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Baker's Dozen

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Baker's Dozen [#permalink] New post 08 Mar 2012, 12:27
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I'm posting the next set of medium/hard PS questions. I'll post OA's with detailed explanations after some discussion. Please, post your solutions along with the answers. Good luck!

1. A password on Mr. Wallace's briefcase consists of 5 digits. What is the probability that the password contains exactly three digit 6?

A. 860/90,000
B. 810/100,000
C. 858/100,000
D. 860/100,000
E. 1530/100,000

Solution: baker-s-dozen-128782-20.html#p1057502

2. If y=\frac{(3^5-3^2)^2}{(5^7-5^4)^{-2}}, then y is NOT divisible by which of the following?
A. 6^4
B. 62^2
C. 65^2
D. 15^4
E. 52^4

Solution: baker-s-dozen-128782-20.html#p1057503

3. For the past k days the average (arithmetic mean) cupcakes per day that Liv baked was 55. Today Bibi joined and together with Liv they baked 100 cupcakes, which raises the average to 60 cupcakes per day. What is the value of k?
A. 6
B. 8
C. 9
D. 10
E. 12

Solution: baker-s-dozen-128782-20.html#p1057504

4. What is the smallest positive integer k such that 126*\sqrt{k} is the square of a positive integer?
A. 14
B. 36
C. 144
D. 196
E. 441

Solution: baker-s-dozen-128782-20.html#p1057505

5. There are 7 red and 5 blue marbles in a jar. In how many ways 8 marbles can be selected from the jar so that at least one red marble and at least one blue marble to remain in the jar?
A. 460
B. 490
C. 493
D. 455
E. 445

Solution: baker-s-dozen-128782-20.html#p1057507

6. A pool has two water pumps A and B and one drain C. Pump A alone can fill the whole pool in x hours, and pump B alone can fill the whole pool in y hours. The drain can empty the whole pool in z hours, where z>x. With pumps A and B both running and the drain C unstopped till the pool is filled, which of the following represents the amount of water in terms of the fraction of the pool which pump A pumped into the pool?
A. \frac{yz}{x+y+z}

B. \frac{yz}{yz+xz-xy}

C. \frac{yz}{yz+xz+xy}

D. \frac{xyz}{yz+xz-xy}

E. \frac{yz+xz-xy}{yz}

Solution: baker-s-dozen-128782-20.html#p1057508

7. Metropolis Corporation has 4 shareholders: Fritz, Luis, Alfred and Werner. Number of shares that Fritz owns is 2/3 rd of number of the shares of the other three shareholders, number of the shares that Luis owns is 3/7 th of number of the shares of the other three shareholders and number of the shares that Alfred owns is 4/11 th of number of the shares of the other three shareholders. If dividends of $3,600,000 were distributed among the 4 shareholders, how much of this amount did Werner receive?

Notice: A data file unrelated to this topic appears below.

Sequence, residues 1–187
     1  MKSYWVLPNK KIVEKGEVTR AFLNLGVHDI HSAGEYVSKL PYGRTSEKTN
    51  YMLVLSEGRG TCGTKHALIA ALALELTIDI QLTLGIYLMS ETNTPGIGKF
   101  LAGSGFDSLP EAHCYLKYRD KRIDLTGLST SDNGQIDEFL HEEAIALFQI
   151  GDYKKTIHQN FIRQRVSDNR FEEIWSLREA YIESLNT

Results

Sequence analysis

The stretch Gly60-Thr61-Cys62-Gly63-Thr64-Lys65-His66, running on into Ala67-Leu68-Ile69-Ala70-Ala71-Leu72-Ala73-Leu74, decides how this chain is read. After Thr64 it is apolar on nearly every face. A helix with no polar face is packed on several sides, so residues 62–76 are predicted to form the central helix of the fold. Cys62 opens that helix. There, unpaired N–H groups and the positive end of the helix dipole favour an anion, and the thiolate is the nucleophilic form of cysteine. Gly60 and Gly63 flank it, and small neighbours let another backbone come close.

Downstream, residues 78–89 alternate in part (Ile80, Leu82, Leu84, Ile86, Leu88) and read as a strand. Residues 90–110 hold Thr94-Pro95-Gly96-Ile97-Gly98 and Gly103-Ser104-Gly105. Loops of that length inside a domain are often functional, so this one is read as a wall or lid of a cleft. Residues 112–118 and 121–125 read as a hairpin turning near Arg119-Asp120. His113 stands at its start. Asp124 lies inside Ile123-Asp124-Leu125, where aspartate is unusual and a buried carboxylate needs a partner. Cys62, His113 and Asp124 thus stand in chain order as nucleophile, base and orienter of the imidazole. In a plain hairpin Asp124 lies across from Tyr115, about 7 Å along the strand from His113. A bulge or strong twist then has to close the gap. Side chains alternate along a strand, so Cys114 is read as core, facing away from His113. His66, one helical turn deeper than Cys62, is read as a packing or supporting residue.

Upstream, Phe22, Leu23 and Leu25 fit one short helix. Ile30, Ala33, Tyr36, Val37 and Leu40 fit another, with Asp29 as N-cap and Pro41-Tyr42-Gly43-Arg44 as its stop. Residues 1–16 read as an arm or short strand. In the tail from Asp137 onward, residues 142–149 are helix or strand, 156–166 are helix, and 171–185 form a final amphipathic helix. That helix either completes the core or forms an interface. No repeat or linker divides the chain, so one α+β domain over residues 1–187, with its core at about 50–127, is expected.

A. $60,000
B. $90,000
C. $100,000
D. $120,000
E. $180,000

Solution: baker-s-dozen-128782-20.html#p1057509

8. A set A consists of 7 consecutive odd integers. If the sum of 5 largest integers of set A is -185 what is the sum of the 5 smallest integers of set A?
A. -165
B. -175
C. -195
D. -205
E. -215

Solution: baker-s-dozen-128782-20.html#p1057512

9. If x and y are negative numbers, what is the value of \frac{\sqrt{x^2}}{x}-\sqrt{-y*|y|}?
A. 1+y
B. 1-y
C. -1-y
D. y-1
E. x-y

Solution: baker-s-dozen-128782-20.html#p1057514

10. If x^2<81 and y^2<25, what is the largest prime number that can be equal to x-2y?
A. 7
B. 11
C. 13
D. 17
E. 19

Solution: baker-s-dozen-128782-20.html#p1057515

11. In an infinite sequence 1, 3, 9, 27, ... each term after the first is three times the previous term. What is the difference between the sum of 13th and 15th terms and the sum of 12th and 14th terms of the sequence?
A. 10*3^11
B. 20*3^11
C. 10*3^12
D. 40*3^11
E. 20*3^12

Solution: baker-s-dozen-128782-40.html#p1057517

12. x, y and z are positive integers such that when x is divided by y the remainder is 3 and when y is divided by z the remainder is 8. What is the smallest possible value of x+y+z?
A. 12
B. 20
C. 24
D. 29
E. 33

Solution: baker-s-dozen-128782-40.html#p1057519

13. If x=\frac{(8!)^{10}-(8!)^6}{(8!)^{5}-(8!)^3}, what is the product of the tens and the units digits of \frac{x}{(8!)^3}-39?
A. 0
B. 6
C. 7
D. 12
E. 14

Solution: baker-s-dozen-128782-40.html#p1057520
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Re: Baker's Dozen [#permalink] New post 28 Apr 2012, 02:59
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mofasser08 wrote:
Can any one please explain: why it is (9*9*1*1*1* 5C3) in Question no. 1 (password problem)? Why not : 9*9*5P3 ??


That's a tough 700+ problem.

We are interested 666XX numbers. Now, two this can be arranged in 10 ways;
666XX;
66X6X;
6X66X;
X666X;

66XX6;
6X6X6;
X66X6;

6XX66;
XX666;

X6X66.

So, basically with C^3_5=10 we are choosing which 3 places out of 5 will be occupied by X's. Or we could do the other way around: C^2_510 choosing which 2 places out of 5 will be occupied by 6's.

Next, each X can take any value from 0 to 9, inclusive but 6, so total of 9 values. Notice that the first digit can be zero here since the 5-digit password unlike 5-digit number can start with 0.

Total 9*9*C^3_5=810.

Hope it's clear.
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Re: Baker's Dozen [#permalink] New post 28 Apr 2012, 18:47
Bunuel wrote:
SOLUTIONS:

1. A password on Mr. Wallace's briefcase consists of 5 digits. What is the probability that the password contains exactly three digit 6?

A. 860/90,000
B. 810/100,000
C. 858/100,000
D. 860/100,000
E. 1530/100,000